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Faust - Ravvivando CD (album) cover





3.94 | 43 ratings

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4 stars With the 90s ending, Faust wasn't quite done with the decade just yet, and so amongst a sea of releases such as Nine Inch Nails' The Fragile, Botch's We Are The Romans, and Blur's 13, we would get the rather intriguing suite of Ravvivando.

This record would show a stylistic direction that the group would go through into the 21st century. Their 90s output had been a lot more industrial, most likely due to the golden age industrial music seemed to garner within the late 80s through 90s, though they felt more like experimentations that had a slight industrial backing. Here, though with Ravvivando, we get a full deep dive into the more industrial Faust sound that was slightly explored within Rien and You Know FaUSt. Imagine, if you will, if Na Sowas was an entire album.

This album is a nearly hour long jam of industrialized proportions, with each song going into each other in what I think to be rather seamless fashions, sort of making this a bit of Faust's late answer to The Dark Side Of The Moon, being this one massive epic of psychedelia, noise, and raw catharsis.

I feel like where You Know FaUSt suffered with the noise, Ravvivando truly enjoys it, creating this lo-fi soundscape of drones and climatic industrialization. While it is certainly loud, I never find myself fully out of sync with the music, as the tracks just have this edge that makes this entire workout feel a lot more right within its noisiness. The production work also helps I think, having this lo-fi aura around it that makes the noise rock of this record feel a lot more sublime, and certainly innovative as I could see some parallels from this to something of the caliber of more modern day slacker rock groups like Car Seat Headrest and The Microphones. Probably not to the same degree as those groups, but the parallels a lot of Faust records seem to have in modern experimental music is quite staggering.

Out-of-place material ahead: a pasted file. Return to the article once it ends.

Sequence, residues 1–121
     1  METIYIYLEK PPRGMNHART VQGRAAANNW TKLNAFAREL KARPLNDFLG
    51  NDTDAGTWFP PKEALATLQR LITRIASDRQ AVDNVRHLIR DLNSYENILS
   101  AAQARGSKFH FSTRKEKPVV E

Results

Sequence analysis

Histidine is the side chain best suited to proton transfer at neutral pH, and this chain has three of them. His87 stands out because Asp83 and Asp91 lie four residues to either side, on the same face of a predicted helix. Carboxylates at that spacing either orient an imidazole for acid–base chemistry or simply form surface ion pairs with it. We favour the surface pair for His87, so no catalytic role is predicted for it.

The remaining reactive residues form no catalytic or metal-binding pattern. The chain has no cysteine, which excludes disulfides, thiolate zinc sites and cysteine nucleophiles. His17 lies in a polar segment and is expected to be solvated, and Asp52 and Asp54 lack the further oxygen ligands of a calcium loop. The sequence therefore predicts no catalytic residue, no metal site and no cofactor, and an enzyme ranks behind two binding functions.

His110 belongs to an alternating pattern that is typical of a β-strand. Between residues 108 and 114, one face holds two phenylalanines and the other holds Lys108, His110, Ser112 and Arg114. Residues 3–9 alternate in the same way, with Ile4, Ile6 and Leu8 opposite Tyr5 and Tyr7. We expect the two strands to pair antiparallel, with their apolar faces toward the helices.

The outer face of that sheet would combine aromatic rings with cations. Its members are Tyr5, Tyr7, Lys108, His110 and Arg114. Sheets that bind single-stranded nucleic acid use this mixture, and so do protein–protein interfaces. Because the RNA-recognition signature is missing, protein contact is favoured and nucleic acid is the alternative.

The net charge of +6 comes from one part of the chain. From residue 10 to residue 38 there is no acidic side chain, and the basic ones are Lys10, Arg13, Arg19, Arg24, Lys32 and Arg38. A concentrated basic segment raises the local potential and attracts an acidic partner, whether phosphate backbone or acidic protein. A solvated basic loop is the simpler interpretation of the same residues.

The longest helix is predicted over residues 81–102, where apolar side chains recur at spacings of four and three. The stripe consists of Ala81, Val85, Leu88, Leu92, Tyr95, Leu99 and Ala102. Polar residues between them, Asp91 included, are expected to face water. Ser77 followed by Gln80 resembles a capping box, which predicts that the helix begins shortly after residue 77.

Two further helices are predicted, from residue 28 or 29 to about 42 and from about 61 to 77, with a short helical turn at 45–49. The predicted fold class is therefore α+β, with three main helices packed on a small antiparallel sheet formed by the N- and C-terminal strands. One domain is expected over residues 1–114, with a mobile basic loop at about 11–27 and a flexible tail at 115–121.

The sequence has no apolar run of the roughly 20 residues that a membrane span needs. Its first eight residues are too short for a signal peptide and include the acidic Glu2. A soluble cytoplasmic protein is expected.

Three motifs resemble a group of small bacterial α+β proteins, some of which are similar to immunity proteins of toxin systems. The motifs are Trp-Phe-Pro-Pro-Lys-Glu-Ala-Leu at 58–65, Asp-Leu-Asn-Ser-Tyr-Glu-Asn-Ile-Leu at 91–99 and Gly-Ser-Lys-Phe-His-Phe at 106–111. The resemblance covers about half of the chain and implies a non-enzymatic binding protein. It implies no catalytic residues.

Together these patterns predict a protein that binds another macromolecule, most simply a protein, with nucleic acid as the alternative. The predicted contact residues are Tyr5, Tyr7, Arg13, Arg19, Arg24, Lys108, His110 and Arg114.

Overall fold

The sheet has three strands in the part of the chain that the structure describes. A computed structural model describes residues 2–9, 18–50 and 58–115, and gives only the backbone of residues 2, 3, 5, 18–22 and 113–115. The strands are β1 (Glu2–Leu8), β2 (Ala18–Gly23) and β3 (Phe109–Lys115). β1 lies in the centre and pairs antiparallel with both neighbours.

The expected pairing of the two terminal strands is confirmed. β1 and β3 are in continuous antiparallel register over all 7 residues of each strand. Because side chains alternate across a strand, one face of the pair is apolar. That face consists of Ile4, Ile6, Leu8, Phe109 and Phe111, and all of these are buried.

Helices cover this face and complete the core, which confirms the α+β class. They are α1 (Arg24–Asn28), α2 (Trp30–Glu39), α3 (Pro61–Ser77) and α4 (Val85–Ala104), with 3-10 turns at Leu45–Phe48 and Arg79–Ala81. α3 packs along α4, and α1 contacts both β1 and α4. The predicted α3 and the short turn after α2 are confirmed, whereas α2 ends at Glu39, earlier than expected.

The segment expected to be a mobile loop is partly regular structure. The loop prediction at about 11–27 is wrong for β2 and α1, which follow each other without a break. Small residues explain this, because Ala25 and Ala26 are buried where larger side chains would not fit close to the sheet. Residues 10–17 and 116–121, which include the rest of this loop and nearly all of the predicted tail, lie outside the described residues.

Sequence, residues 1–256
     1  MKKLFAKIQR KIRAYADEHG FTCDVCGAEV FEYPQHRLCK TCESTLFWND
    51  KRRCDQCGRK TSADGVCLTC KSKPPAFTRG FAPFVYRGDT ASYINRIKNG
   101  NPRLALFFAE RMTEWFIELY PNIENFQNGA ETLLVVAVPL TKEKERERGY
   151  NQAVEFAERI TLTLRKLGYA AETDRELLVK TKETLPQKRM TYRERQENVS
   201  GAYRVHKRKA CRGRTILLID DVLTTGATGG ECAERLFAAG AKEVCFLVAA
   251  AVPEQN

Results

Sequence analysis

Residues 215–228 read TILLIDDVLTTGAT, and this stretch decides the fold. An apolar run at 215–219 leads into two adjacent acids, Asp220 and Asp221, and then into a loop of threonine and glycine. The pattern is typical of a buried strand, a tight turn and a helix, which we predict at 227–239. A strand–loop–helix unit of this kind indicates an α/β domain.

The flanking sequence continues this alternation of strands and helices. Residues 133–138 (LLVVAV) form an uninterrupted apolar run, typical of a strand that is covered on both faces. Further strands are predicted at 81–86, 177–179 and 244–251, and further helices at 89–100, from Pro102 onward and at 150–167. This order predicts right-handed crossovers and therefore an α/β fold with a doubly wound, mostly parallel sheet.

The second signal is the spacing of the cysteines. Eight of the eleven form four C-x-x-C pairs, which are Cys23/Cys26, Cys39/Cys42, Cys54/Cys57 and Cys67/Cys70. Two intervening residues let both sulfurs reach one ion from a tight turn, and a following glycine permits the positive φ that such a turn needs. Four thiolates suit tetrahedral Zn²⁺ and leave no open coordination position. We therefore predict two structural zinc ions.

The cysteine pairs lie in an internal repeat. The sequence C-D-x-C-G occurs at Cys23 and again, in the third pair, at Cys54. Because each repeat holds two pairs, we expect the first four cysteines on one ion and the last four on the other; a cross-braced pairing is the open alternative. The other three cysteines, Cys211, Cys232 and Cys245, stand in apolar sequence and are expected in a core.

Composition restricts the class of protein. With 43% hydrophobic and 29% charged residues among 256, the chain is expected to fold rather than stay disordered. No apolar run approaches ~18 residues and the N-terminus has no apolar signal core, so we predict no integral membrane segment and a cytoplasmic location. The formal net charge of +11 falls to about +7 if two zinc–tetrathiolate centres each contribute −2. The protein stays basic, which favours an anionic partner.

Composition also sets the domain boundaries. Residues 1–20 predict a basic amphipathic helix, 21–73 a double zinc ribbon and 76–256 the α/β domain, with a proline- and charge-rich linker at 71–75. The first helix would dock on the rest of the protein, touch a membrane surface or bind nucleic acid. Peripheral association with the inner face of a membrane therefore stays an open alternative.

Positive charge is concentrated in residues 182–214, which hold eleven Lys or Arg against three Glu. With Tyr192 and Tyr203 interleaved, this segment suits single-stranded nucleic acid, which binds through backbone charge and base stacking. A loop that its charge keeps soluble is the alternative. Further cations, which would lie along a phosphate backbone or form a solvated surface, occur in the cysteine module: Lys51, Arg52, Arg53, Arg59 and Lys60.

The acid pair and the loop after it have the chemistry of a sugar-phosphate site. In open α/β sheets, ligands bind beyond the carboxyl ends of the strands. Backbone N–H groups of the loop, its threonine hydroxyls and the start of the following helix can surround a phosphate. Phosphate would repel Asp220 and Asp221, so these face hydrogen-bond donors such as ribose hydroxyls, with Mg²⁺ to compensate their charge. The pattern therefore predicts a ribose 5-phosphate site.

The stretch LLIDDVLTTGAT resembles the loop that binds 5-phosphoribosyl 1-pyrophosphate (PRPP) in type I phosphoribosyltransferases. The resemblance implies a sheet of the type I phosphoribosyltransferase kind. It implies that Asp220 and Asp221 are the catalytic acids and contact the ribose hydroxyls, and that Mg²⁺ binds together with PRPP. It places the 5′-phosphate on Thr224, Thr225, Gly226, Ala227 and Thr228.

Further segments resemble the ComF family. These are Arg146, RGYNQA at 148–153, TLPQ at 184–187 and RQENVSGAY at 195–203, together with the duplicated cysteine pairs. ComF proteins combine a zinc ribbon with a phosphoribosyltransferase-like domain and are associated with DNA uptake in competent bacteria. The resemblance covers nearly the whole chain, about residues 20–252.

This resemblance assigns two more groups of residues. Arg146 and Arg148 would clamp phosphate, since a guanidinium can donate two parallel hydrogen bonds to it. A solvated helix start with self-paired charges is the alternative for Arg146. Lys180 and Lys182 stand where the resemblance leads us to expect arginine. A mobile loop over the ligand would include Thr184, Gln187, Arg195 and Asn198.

The atmosphere of this album is also exciting too. A lot of Faust albums have this aura of mystery and intrigue to them, keeping you second guessing what the band might do next (aside from You Know FaUSt). Ravvivando, I feel like, flips this mysterious feeling on its head, having the mystery be less on what this crazy band might do from track to track, but rather what they'll do within the storm, and I find it to be really awesome as it allows the group to experiment in a more real time effort, much more than with prior albums, even in respects to my all time favorite of Faust Wakes Nosferatu.

However, there is one thing I think draws this album back and that is I find the more suite-like nature of this album to not be for the best. I certainly enjoy it when a band or group decides to make a full work that is one long song, but I find Faust to not really handle that idea properly to the same degree. I find when Faust does make a jam that is rather long, they're best marks are usually within the 20 minute marks, so having an album that is essentially one massive jam is exciting, but certainly after a while does start to feel tiring a bit.

I also think there is some fat on this album that might need to be trimmed. Carousel is honestly quite unnecessary, and the combo of Spiel and Dr' Hansl just doesn't quite work for me. They feel more like unnecessary gimmicks for this record, rather than playing within the overall experience.

However, the tail end of Livin' Tokyo and T-Electronique does make up for this record's shortcomings, as those are some of the better industrial Faust songs they have released within the 90s due to their rather mystical aura.

Overall, Ravvivando is one of the best Faust releases they made from their comeback in the 90s, and certainly one of the best since Faust IV and The Last LP. It is a bit on the bigger side, for better and for worse, but the experience is overall very positive. Certainly recommended for fans of more abrasive music, and for fans of the noise rock scene of the 20th century.

Best tracks: Wir brauchen dich #6, Livin' Tokyo, T-Électronique

Worst tracks: Carousel, Spiel, Dr' Hansl

Dapper~Blueberries | 4/5 |


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